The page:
At first, the crowd outside the White House was there to cheer on Hillary Clinton, to celebrate the first female president of the United States. But as the results rolled in from across the country, and Clinton kept losing in key states, her supporters grew quieter and more desperate.
Slowly at first, then faster, those who backed Donald Trump began to make their presence known.
Austin Daily, a 20-year old from Troy, N.Y., who is a sophomore at Catholic University stood amid a group of friends before midnight, reading the latest projections from his cellphone.
He voted for the first time this year, casting a ballot for Donald Trump. As the billionaire won Florida and North Carolina and stayed ahead in Michigan and Wisconsin, it began to seem as if his candidate would soon take over the Oval Office.
Daily was stunned. He had come to the White House in a blazer and tie prepared to protest a Clinton victory. Now he was getting ready to celebrate.
“Every poll showed a victory for Clinton,” Daily said. “Not one poll showed a Trump victory. Not even Fox News.”
Daily supported Ohio Gov. John Kasich in the primary. He acknowledged Trump’s flaws, but was convinced the businessman was better suited to lead the country than the former New York senator and secretary of state.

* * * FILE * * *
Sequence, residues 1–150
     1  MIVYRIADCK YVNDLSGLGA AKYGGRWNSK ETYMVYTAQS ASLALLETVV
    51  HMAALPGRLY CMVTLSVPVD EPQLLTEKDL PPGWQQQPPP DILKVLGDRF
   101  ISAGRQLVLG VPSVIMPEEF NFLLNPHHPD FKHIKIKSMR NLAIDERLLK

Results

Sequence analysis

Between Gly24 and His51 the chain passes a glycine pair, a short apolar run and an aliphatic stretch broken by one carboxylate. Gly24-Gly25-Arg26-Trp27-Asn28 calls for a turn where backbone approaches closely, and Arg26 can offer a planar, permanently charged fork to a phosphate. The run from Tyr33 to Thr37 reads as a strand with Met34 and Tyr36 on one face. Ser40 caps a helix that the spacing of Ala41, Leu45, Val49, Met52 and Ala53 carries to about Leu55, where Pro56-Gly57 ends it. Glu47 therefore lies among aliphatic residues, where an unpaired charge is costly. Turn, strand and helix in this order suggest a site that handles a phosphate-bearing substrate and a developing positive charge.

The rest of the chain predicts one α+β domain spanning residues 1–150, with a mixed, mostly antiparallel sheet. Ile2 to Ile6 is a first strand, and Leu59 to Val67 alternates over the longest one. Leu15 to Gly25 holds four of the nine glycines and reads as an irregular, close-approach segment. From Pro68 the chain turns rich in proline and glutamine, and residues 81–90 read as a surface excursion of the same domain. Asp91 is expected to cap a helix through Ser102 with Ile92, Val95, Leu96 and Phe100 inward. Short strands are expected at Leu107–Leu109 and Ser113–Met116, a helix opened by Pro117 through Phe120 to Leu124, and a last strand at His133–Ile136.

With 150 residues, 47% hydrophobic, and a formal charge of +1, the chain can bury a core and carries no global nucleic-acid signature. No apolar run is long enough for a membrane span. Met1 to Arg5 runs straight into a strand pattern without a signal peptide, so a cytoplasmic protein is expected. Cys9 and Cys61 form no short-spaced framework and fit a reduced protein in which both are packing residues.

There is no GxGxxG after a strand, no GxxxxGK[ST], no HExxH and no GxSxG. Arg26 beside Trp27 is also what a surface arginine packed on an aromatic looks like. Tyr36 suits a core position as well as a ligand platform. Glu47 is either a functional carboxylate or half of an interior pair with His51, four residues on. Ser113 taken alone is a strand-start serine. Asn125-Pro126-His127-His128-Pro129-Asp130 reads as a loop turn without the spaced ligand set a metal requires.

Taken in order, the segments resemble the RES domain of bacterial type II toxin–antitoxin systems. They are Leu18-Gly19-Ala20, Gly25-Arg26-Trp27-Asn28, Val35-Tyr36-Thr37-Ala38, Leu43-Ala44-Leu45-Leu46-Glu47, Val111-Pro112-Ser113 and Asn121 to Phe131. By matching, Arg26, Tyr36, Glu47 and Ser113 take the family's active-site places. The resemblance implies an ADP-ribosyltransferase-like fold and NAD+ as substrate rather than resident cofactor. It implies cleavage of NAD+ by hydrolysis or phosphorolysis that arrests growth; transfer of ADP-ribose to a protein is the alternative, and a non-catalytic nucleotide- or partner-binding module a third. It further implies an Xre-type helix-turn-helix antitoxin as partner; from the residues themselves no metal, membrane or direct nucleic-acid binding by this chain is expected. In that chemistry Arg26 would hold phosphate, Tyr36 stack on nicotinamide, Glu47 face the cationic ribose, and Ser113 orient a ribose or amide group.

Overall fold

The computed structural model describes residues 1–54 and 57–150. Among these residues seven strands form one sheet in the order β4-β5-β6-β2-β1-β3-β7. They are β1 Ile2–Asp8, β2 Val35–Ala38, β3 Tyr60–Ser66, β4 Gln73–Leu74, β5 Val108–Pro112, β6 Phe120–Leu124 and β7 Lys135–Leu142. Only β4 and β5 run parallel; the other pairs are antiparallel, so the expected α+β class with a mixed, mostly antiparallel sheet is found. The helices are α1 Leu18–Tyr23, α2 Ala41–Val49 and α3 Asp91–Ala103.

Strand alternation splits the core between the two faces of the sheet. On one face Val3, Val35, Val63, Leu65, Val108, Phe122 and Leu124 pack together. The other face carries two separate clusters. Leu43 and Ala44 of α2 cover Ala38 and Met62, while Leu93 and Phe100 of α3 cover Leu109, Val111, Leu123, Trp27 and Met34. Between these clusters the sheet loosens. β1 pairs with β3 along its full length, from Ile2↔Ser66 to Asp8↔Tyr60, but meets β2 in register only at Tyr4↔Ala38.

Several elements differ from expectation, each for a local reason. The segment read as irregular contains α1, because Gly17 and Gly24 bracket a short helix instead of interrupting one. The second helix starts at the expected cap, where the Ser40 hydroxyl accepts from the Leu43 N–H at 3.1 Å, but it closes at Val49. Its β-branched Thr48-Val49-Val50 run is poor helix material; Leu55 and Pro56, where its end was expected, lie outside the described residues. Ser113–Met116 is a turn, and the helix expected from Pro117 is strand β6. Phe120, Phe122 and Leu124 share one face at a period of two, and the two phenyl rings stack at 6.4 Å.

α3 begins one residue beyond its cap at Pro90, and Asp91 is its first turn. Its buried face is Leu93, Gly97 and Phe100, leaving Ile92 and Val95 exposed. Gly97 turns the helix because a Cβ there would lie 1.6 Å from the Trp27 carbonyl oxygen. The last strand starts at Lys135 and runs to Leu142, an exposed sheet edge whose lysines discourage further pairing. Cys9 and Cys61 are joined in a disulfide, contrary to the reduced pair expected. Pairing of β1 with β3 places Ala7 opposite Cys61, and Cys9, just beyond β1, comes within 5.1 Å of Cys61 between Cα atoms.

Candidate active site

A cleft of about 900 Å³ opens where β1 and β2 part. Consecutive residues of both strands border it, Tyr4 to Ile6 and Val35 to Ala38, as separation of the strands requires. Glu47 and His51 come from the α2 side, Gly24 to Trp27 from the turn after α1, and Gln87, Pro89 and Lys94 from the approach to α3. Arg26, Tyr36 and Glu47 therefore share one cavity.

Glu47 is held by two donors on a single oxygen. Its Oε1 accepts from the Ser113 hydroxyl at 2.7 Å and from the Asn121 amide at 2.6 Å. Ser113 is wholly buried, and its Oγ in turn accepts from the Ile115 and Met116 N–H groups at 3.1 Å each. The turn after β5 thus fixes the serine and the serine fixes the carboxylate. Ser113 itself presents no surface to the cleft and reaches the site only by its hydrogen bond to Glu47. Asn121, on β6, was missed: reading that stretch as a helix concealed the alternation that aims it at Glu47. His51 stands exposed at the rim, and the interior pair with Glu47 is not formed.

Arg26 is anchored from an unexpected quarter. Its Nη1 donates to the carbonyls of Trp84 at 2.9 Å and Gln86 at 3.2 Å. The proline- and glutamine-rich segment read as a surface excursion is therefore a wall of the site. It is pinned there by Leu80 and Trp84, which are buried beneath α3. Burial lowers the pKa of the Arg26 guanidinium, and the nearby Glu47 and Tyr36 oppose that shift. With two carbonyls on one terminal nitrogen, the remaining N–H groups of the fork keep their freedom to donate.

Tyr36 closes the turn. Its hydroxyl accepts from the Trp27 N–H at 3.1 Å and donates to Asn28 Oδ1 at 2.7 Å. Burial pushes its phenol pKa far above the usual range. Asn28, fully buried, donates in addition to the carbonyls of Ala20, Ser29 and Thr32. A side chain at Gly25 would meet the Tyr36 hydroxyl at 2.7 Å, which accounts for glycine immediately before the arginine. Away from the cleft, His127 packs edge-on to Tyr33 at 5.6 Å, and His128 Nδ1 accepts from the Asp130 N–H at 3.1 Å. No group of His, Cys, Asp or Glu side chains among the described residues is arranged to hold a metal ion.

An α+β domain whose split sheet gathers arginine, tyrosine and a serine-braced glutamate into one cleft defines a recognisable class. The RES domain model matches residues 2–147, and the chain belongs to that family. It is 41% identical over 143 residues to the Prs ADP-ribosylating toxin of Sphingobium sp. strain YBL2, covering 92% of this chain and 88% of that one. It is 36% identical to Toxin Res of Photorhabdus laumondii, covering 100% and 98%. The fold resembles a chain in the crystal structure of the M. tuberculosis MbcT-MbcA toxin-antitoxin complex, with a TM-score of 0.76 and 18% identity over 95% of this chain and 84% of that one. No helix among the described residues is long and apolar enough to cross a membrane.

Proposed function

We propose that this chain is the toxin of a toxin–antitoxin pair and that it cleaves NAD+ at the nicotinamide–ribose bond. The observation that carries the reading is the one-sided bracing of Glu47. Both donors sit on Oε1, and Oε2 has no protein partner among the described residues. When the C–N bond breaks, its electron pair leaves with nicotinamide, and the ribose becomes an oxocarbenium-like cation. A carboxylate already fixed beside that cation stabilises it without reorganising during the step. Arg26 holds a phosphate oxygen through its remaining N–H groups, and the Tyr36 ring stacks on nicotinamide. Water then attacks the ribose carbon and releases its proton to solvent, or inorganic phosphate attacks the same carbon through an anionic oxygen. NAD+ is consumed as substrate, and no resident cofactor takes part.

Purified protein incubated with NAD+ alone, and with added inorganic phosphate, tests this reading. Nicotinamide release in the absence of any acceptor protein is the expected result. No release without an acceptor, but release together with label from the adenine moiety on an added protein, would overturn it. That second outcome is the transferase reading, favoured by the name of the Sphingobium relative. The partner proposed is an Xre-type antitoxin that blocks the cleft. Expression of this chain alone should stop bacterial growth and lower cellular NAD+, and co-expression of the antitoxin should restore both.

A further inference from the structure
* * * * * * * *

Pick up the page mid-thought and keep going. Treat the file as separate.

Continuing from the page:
“The corruption of Hillary Clinton has kind of disqualified her for president,” Daily said. “I see Clinton as, if you’re playing Russian roulette, there are six bullets in the revolver. With Trump, it’s more like three.”
Staffers from Avaaz, a globally minded civic organization for progressive causes such as climate change and the Syrian refugee crisis, had also come to the White House, planning to stage a choral performance outside the presidential mansion for at a rally that was aimed against Trump.
Its members prepared the stage and carried signs that spelled out “We are better than bigotry.”
By 10 p.m., Avaaz leader Andrew Nazdin said he was nervously realizing that his group may be about to host “the first protest of the Trump administration.”
He, and others who were staunch opponents of the Republican nominee and his divisive rhetoric, described a slowly engulfing fear.
“There has been a rise of hate-filled right wing politics all over the world,” Nazdin said.
Naja Nelson, a George Washington University student, suddenly felt voiceless. In addition to the White House, the GOP appeared to have captured both chambers of Congress, putting in peril the major policy initiatives President Obama championed during his two terms.
She wondered whether her vote for Clinton mattered. She wonders whether the efforts made to make women’s and black lives matter mattered.
“I’m starting to question everything,” the 18-year-old said. “I’m afraid things will go back to the way it was years ago. Racism has never gone away, but now those racists feel like they can step it up. . . . I mean, the KKK endorsed [Trump]. I don’t know what’s happening.”
Howard University sophomore Kaylin Young said she could not “even begin to describe” how different it would be to go from a President Obama to a President Trump.
“It’s scary being a minority right now,” Young said. “The things that he said about minorities, the things that he said about people of different colors, of different nationalities, has been incredibly hurtful.”